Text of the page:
Chapter 11 – Possession Claims: Powers of Court in Relation to Absolute Ground.(This Chapter Applies Only to Secure Contracts)
Section 212 – Contract-holder’s notice ground
462.Where a contract-holder under a secure contract has given notice to the landlord under the term of the contract incorporating section 163, and subsequently the landlord has made a possession claim in reliance of the ground in the term of the contract incorporating section 165 (i.e. the contract-holder has failed to give up possession after he or she gave notice to end the contract), the court must make a possession order, subject to any defence based on the contract-holder’s human rights.
Section 213 – Review of claim made on absolute ground
463.Where a landlord makes a possession claim under the term of the contract incorporating section 165, and the landlord is a community landlord or the landlord’s decision to make such a possession claim is subject to judicial review, a contract-holder may, during possession proceedings in the county court, apply for a review by the court of the landlord’s decision to seek possession. The court may confirm or quash the landlord’s decision. The principles applied by the High Court during an application for judicial review will be applied by the county court; this section means that where the application for the order for possession is before the county court, there will be no need for the contract-holder to bring separate proceedings in the High Court on a judicial review of the decision to issue the notice.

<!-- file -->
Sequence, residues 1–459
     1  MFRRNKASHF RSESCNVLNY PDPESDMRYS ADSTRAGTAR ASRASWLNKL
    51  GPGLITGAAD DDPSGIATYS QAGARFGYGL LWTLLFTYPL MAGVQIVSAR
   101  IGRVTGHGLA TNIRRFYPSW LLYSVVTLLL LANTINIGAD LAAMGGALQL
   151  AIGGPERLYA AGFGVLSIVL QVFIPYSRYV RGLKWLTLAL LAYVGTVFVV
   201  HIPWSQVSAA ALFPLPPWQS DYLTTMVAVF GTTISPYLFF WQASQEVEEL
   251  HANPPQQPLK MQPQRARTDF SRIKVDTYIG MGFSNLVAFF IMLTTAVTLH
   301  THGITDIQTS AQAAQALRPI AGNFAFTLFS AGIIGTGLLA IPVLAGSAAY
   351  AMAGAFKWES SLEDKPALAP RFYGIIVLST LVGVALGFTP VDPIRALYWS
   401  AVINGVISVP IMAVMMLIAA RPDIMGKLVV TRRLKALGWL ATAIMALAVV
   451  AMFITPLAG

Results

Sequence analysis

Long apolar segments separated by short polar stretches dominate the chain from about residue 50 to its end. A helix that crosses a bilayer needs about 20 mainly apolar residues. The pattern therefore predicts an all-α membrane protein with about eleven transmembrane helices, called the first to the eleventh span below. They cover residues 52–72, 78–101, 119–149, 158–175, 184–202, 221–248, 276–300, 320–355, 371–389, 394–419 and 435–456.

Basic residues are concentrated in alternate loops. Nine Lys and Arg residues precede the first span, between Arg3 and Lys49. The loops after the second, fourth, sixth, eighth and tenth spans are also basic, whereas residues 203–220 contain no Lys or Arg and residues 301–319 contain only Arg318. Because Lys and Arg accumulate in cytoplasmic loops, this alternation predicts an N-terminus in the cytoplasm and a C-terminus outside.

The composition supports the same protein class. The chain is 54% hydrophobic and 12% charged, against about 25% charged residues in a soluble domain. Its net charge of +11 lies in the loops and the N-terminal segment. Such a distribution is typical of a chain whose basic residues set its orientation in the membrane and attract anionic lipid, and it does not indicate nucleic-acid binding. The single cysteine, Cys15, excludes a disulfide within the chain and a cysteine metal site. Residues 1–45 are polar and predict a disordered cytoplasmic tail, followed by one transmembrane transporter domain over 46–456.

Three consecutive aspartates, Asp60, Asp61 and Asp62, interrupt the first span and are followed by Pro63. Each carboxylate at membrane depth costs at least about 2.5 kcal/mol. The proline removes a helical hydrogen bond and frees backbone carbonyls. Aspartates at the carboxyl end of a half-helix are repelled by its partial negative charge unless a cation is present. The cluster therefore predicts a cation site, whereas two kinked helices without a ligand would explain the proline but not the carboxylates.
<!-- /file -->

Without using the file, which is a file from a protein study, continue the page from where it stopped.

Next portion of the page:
Section 214 – Powers to postpone giving up of possession
464.Where the court makes an order for possession under section 212, it may postpone the giving up of possession. But it may not postpone the giving up of possession for more than 14 days after the making of the possession order unless exceptional hardship would be caused to the contract-holder. In such cases, possession may be postponed for up to six weeks.